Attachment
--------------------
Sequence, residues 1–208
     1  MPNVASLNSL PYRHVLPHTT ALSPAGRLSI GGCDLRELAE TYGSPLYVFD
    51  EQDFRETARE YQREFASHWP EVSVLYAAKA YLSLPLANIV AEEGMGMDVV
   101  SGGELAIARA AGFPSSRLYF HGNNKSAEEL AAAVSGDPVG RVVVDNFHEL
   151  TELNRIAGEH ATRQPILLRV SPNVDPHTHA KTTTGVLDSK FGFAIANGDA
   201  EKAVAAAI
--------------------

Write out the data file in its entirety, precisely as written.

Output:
Sequence, residues 1–208
     1  MPNVASLNSL PYRHVLPHTT ALSPAGRLSI GGCDLRELAE TYGSPLYVFD
    51  EQDFRETARE YQREFASHWP EVSVLYAAKA YLSLPLANIV AEEGMGMDVV
   101  SGGELAIARA AGFPSSRLYF HGNNKSAEEL AAAVSGDPVG RVVVDNFHEL
   151  TELNRIAGEH ATRQPILLRV SPNVDPHTHA KTTTGVLDSK FGFAIANGDA
   201  EKAVAAAI